Las Vegas is known for a lot of things: 24-hour casinos, hotels the size of small cities and conventions that, for some reason, take place in the middle of sweltering summer heat. However, if Michael Sherwood has his way, Sin City is going to be known as smart city.
Sherwood, the CIO of Las Vegas, is leading a project the city leaders have dubbed the "Innovation District," which looks to transform the downtown area in and around Fremont Street into the heart of a smart city based on technology such as Internet of Things (IoT), connected sensors, data analytics and even autonomous vehicles.
So far, Las Vegas has committed about $500 million with the goal of achieving smart city status by 2025.
In Sherwood's view, investing in IoT and related technologies is more than making municipal services more efficient. It's about changing the community -- residents and visitors alike.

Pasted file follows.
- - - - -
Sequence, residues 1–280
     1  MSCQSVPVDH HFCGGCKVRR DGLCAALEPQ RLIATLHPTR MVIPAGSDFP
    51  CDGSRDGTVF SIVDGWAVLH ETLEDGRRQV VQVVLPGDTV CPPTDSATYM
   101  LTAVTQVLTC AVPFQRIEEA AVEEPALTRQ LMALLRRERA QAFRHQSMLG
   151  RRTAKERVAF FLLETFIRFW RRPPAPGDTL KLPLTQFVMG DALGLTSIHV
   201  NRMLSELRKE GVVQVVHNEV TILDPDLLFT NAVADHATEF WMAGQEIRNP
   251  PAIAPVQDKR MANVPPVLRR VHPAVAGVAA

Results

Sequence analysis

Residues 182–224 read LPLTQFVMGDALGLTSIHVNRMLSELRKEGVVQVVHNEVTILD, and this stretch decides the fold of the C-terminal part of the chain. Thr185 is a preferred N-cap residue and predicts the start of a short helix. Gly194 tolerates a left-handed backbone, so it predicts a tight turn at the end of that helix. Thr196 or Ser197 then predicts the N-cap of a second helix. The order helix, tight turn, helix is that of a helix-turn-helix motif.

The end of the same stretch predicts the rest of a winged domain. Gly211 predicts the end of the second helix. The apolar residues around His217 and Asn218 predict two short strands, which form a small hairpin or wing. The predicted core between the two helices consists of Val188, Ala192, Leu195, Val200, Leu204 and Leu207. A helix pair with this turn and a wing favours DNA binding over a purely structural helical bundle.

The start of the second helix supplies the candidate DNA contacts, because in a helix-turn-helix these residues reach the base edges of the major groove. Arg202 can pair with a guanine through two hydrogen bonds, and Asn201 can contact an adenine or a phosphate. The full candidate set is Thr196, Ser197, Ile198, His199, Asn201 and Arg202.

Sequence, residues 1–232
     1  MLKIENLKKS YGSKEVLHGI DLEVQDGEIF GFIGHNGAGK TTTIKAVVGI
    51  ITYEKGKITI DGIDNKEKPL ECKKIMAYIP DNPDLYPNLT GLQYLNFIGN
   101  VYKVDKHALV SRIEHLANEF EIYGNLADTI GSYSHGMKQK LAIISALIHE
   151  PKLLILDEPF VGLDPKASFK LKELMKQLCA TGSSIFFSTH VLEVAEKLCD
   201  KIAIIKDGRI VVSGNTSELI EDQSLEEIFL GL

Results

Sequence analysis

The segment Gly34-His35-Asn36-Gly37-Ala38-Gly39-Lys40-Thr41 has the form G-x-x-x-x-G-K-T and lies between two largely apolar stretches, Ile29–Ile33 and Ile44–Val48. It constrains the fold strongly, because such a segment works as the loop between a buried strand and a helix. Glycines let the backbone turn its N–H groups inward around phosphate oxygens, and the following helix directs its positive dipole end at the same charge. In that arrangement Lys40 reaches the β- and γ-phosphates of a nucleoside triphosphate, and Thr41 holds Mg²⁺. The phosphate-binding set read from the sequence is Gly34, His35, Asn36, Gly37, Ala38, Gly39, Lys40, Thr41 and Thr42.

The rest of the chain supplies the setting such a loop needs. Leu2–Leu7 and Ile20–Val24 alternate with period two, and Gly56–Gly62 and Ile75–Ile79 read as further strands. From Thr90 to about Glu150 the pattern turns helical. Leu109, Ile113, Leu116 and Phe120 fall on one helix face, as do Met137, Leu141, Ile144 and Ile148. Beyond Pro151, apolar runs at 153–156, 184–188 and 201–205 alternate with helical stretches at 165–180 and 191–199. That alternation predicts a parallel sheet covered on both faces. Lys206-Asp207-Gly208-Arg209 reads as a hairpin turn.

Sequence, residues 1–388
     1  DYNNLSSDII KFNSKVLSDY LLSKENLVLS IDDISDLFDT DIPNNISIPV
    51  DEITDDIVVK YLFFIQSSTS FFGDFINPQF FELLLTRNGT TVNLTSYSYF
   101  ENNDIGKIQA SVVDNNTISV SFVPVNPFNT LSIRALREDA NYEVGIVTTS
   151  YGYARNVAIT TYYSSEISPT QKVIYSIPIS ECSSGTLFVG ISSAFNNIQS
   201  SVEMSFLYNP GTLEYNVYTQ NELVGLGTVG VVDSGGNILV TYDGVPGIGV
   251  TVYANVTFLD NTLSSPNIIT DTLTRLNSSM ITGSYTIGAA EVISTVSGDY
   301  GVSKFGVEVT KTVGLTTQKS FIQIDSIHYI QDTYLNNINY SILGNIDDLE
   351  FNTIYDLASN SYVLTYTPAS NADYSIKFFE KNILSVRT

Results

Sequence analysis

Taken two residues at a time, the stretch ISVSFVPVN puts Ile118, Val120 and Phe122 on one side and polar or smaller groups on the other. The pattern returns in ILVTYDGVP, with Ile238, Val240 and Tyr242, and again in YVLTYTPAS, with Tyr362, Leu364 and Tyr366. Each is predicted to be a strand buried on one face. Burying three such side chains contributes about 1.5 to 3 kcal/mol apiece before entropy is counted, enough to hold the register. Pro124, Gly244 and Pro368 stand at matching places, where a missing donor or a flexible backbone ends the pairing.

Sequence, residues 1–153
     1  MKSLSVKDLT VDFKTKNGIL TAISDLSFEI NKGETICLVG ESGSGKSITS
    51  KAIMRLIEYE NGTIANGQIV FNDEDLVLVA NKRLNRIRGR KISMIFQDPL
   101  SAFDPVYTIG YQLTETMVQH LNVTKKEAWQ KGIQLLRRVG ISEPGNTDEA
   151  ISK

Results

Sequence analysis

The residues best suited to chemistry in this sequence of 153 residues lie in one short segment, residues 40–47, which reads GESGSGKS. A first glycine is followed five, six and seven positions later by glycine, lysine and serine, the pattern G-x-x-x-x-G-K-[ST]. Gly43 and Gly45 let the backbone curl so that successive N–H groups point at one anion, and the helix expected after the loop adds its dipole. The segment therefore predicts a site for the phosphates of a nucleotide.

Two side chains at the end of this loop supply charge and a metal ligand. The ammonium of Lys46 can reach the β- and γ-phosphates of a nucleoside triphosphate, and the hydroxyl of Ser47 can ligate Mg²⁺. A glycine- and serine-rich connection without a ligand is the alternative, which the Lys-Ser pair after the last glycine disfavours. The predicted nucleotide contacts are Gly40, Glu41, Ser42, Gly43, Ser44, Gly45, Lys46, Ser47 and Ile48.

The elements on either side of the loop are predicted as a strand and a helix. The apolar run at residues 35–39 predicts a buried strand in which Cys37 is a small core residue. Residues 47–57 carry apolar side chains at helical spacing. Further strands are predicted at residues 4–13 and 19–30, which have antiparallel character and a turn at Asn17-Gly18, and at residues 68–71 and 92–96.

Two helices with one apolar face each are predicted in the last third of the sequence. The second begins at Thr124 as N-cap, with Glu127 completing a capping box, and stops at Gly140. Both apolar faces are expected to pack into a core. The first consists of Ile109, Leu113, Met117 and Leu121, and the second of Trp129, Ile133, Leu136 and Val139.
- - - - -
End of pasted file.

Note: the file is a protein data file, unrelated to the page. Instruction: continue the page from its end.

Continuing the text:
"To us, IoT is a lot more," Sherwood told Enterprise Cloud News. "It is about picking up trash, and keeping the streets clean, and making things more efficient, and saving money. But, we're also asking ourselves: 'How does this technology impact our community?'"
Making Vegas smart
Many of the different IoT projects are in the pilot stage, however, several involve sensors placed in the downtown area.
For example, one program under way right now involves video cameras at intersections that are also equipped with WiFi and air quality monitoring tools. In addition to security, it also allows for more accurate count of vehicles, bicycles and pedestrians.
While that might seem basic, Sherwood and his department are now using analytics supplied by Cisco to begin interpreting that data, including graphical representation of how the street corner is used on a daily basis.
"We're able to get a lot more understanding about the numbers of individuals, not just on a one-day per year, but on a daily basis. Now we can start making smarter decisions about how people use the street itself," Sherwood said.
Eventually these sensors could be combined with radar technology to send signals to drivers through Direct Short-Range Communication or DSRC embedded in cars, which can signal if someone is entering the crosswalk or, if the light is turning yellow, offer a countdown to when the signal turns red.